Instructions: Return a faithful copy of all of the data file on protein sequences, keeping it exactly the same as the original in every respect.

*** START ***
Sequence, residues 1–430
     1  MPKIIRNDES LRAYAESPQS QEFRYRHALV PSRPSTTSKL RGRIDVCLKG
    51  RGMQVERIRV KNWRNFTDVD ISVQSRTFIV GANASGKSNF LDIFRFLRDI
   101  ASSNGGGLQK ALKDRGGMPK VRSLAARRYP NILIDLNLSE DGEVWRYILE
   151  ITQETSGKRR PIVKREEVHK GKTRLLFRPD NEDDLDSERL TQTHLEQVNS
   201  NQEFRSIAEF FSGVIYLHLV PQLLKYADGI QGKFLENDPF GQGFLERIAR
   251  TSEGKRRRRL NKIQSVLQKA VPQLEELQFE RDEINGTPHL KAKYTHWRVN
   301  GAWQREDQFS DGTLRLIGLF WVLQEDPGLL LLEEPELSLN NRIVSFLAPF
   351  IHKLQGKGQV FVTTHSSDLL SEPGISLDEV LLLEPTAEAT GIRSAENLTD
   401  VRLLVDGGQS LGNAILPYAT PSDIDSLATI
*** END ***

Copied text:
Sequence, residues 1–430
     1  MPKIIRNDES LRAYAESPQS QEFRYRHALV PSRPSTTSKL RGRIDVCLKG
    51  RGMQVERIRV KNWRNFTDVD ISVQSRTFIV GANASGKSNF LDIFRFLRDI
   101  ASSNGGGLQK ALKDRGGMPK VRSLAARRYP NILIDLNLSE DGEVWRYILE
   151  ITQETSGKRR PIVKREEVHK GKTRLLFRPD NEDDLDSERL TQTHLEQVNS
   201  NQEFRSIAEF FSGVIYLHLV PQLLKYADGI QGKFLENDPF GQGFLERIAR
   251  TSEGKRRRRL NKIQSVLQKA VPQLEELQFE RDEINGTPHL KAKYTHWRVN
   301  GAWQREDQFS DGTLRLIGLF WVLQEDPGLL LLEEPELSLN NRIVSFLAPF
   351  IHKLQGKGQV FVTTHSSDLL SEPGISLDEV LLLEPTAEAT GIRSAENLTD
   401  VRLLVDGGQS LGNAILPYAT PSDIDSLATI